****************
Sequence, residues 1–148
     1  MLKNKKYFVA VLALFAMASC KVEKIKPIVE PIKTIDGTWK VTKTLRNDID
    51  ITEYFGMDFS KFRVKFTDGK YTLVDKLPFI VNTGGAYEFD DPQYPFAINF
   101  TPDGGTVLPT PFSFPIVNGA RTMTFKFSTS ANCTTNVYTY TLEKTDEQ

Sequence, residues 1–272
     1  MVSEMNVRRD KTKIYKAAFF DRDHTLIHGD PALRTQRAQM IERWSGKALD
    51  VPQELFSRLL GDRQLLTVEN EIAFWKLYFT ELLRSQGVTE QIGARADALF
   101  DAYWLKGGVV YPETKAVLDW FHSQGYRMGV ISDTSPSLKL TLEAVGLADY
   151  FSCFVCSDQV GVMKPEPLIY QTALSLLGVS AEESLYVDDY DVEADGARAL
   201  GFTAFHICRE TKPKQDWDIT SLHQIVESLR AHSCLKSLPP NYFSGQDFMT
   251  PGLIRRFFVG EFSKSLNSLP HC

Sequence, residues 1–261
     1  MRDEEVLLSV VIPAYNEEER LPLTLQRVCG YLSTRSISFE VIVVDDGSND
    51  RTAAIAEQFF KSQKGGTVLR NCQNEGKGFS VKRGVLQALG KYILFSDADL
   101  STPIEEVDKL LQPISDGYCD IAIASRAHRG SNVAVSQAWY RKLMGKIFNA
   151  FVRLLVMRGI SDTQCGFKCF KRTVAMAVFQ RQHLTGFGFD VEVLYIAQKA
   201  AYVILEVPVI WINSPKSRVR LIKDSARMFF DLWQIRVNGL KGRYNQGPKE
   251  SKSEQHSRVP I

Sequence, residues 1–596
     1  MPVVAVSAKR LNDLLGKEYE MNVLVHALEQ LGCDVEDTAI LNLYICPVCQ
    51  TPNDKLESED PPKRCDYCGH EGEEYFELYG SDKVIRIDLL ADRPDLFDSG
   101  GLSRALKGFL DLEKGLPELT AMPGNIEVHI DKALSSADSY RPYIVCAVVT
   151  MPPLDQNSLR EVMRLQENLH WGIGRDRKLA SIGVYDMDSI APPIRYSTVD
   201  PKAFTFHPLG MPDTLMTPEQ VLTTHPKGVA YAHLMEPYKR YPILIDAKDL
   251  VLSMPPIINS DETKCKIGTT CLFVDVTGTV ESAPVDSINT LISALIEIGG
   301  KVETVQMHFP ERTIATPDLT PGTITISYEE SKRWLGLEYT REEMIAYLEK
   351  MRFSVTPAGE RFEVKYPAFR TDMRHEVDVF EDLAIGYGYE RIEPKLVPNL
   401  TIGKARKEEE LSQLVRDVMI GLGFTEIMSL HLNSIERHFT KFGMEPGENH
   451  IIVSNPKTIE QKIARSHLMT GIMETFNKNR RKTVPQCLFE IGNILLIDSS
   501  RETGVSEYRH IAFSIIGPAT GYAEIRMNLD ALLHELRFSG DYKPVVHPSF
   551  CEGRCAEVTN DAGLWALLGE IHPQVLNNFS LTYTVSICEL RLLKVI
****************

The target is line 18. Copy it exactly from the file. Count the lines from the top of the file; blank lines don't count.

   251  SKSEQHSRVP I